Turkey’s Prime Minister Ahmet Davutoglu said the Justice and Development Party’s (AK Party) door is open to all the parties in parliament for coalition negotiations.
Speaking at an iftar event as part of the holy fasting month of Ramadan in Istanbul on Sunday hosted by the state-owned poorhouse organization Darulaceze, Davutoglu said he would keep the AK Party’s door open for negotiation with all the leaders of the three parties in the parliament, once President Recep Tayyip Erdogan gives the duty of forming a government, to the leader of the party with the highest number of seats.
According to official results of the June 7 election, the governing Party leads with 258 deputies. Republican People's Party (CHP) comes second with 132 deputies. Meanwhile, the Nationalist Movement Party (MHP) and pro-Kurdish Peoples’ Democratic Party (HDP) each have 80 deputies in the parliament.
The next stage sees the new lawmakers select a parliament speaker, the 27th in the history of the Republic of Turkey, via a secret ballot.
The first two rounds of voting requires the speaker to gain 367 votes out of 550 deputies. If no candidate achieves this, a third round can be passed by the candidate receiving a simple majority of 276 votes. If there is still no winner, the candidate with the largest number of votes in the fourth will be selected.
Deniz Baykal - the former head of the opposition CHP and newly elected Antalya deputy - will temporarily serve as the speaker of the new parliament because the 77-year-old veteran politician is the most senior member of the Turkish parliament.
Once the parliamentary speaker is officially elected, initiatives to form a new Turkish government will begin.
Since no party has a majority to form a single-party government, coalition talks will begin following the parliamentary speaker’s election.
Davutoglu stressed that the AK Party, which has ruled the country for over a decade with a single party rule, would be open to all options in order to form the most effective unity.
"Our doors are not closed to anybody; our mind is not closed, our ears are not closed, our heart is not closed," he stated vigorously.
The PM commented on some of the announcements made about coalition negotiations by other party leaders, saying they were “testing the waters”.
Davutoglu said, some clarity should come with the beginning of official negotiations.
Earlier this week, leader of the MHP, Devlet Bahceli, declined a proposal by the secularist CHP which offered Bahceli being prime minister in a trio coalition.
CHP leader Kemal Kilicdaroglu offered on Thursday the prime minister's post to Bahceli on the condition that both parties form a coalition government, which only have a combined 212 seats and still require a third party’s support.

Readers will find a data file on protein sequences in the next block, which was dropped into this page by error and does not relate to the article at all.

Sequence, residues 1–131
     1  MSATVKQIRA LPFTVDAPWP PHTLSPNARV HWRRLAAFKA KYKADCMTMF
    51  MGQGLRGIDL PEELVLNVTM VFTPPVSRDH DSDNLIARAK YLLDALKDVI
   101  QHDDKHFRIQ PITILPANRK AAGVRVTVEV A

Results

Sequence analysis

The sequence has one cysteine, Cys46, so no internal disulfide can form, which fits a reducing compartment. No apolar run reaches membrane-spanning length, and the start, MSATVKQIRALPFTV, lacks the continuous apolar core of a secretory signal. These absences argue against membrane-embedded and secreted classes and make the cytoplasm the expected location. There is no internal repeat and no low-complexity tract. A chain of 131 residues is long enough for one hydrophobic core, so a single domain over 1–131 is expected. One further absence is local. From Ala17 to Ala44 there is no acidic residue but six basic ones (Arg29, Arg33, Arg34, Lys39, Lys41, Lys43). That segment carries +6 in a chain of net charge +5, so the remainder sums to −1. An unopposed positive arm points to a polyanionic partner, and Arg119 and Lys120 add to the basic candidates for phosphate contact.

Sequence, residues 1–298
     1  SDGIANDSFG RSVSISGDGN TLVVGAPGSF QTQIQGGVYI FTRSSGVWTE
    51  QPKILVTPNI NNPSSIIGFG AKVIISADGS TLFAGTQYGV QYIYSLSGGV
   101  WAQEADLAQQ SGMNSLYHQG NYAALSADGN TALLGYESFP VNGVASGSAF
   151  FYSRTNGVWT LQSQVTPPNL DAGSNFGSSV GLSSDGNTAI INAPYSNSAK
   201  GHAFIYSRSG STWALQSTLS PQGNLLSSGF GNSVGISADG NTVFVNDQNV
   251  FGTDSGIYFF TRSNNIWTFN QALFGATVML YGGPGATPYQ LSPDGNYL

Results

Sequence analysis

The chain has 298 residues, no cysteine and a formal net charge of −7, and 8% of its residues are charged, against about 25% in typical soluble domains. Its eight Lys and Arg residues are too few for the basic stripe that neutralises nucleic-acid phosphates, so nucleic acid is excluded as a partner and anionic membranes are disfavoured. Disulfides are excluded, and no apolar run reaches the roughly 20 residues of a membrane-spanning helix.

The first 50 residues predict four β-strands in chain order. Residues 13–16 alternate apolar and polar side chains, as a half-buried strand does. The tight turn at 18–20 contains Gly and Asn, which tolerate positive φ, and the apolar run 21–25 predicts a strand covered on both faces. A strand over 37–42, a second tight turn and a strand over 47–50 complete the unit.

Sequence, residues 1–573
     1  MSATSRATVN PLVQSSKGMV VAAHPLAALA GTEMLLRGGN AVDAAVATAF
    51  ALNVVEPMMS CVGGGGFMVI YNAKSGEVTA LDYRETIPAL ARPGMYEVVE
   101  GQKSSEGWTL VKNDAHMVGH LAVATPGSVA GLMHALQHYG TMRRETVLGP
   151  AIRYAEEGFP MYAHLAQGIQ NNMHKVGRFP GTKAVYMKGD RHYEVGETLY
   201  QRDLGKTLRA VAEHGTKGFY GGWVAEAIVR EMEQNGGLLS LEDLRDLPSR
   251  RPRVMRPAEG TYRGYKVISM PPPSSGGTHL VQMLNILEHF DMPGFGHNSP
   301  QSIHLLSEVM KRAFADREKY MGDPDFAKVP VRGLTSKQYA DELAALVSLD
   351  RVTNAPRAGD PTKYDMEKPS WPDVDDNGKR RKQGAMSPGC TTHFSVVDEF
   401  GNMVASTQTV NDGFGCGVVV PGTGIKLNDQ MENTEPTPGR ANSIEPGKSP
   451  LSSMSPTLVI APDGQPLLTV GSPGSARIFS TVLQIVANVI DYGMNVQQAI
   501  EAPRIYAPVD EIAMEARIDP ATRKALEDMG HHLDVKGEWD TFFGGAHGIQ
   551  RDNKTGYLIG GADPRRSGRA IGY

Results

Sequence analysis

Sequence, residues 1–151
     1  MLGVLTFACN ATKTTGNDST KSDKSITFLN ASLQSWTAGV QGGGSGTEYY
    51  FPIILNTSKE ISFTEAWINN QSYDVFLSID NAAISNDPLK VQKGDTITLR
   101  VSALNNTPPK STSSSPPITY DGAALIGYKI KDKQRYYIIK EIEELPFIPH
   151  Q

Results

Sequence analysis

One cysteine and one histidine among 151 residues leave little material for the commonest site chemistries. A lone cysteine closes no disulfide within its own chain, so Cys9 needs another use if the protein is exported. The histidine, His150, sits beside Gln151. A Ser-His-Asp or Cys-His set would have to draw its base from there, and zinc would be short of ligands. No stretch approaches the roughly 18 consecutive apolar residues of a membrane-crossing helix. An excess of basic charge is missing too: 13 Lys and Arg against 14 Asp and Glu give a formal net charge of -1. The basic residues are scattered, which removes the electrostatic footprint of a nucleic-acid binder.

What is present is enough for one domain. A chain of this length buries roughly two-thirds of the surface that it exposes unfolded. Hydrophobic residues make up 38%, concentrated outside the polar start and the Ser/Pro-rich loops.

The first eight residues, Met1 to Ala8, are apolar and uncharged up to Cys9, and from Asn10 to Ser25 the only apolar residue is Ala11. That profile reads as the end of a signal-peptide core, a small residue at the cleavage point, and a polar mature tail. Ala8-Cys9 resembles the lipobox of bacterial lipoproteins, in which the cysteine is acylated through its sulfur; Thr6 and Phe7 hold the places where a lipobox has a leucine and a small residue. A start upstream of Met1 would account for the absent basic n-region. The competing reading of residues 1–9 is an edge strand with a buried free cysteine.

Bahceli harshly criticised the CHP’s offer on Friday by saying “Is this a toy coming from China? The matter is state governing. What is the meaning of ‘take the prime ministry?’ We are not power hungry. This is a flippant attitude. We slur over this.”
“There is no inevitability to try forming a coalition. The modest thing is early election,” said Bahceli, reminding his first proposal in the election night, and also offered the date of early election as Dec.15.
General Secretary of the CHP, Gursel Tekin, refused Bahceli’s early election offer on Saturday and said Turkey is not able to stand an early election during such an ambience with many inside and outside problems.
“An election has already been launched with the national will. The nation warned all political parties. It says my wish is this, you will form a coalition with my will and fix my problems inside a coalition,” said Tekin.
Vice-Chairman of the MHP, Semih Yalcin, also criticised the prime ministry offer of the CHP saying “This is a political bribery. Mr. Kilicdaroglu offered something inappropriate.”
Yalcin also ruled out on June 11 the possibility of forming a coalition with the pro-Kurdish Peoples' Democratic Party (HDP).
"Let it be known that the MHP does not get in the same bag with the snakes," said MP Semih Yalcin in a statement. "They [HDP] have our soldiers', our policemen's, our civilians' and mostly Kurdish people's blood on their hands."
The HDP passed Turkey’s 10 percent electoral threshold with 13.12 percent of the vote and secured 80 seats - entering the parliament for the first time as a political party.
Co-chair of the HDP, Selahattin Demirtas, reacted to coalition talks, claiming his party is being left out of the negotiations.
Slamming a discussion attached to the HDP without its opinion, Demirtas said “If the HDP wasn’t able to pass the threshold, you would not be arguing on coalition. You’re arguing under favour of us.”
In Turkey's tense political atmosphere, probability of an early election is increasing considering the rivalry between the opposition parties which might result in a deadlock in the formation of a government.
If the parliament fails to establish a new government within 45 days, an early election will be inevitable.
In order to form a unity government, any coalition must have 276 MPs' support, a majority in a 550-seated parliament.